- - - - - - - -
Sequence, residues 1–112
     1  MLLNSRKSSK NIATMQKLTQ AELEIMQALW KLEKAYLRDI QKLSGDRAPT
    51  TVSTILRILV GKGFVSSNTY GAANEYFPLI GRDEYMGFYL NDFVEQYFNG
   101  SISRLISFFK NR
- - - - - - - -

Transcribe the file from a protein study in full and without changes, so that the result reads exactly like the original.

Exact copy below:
Sequence, residues 1–112
     1  MLLNSRKSSK NIATMQKLTQ AELEIMQALW KLEKAYLRDI QKLSGDRAPT
    51  TVSTILRILV GKGFVSSNTY GAANEYFPLI GRDEYMGFYL NDFVEQYFNG
   101  SISRLISFFK NR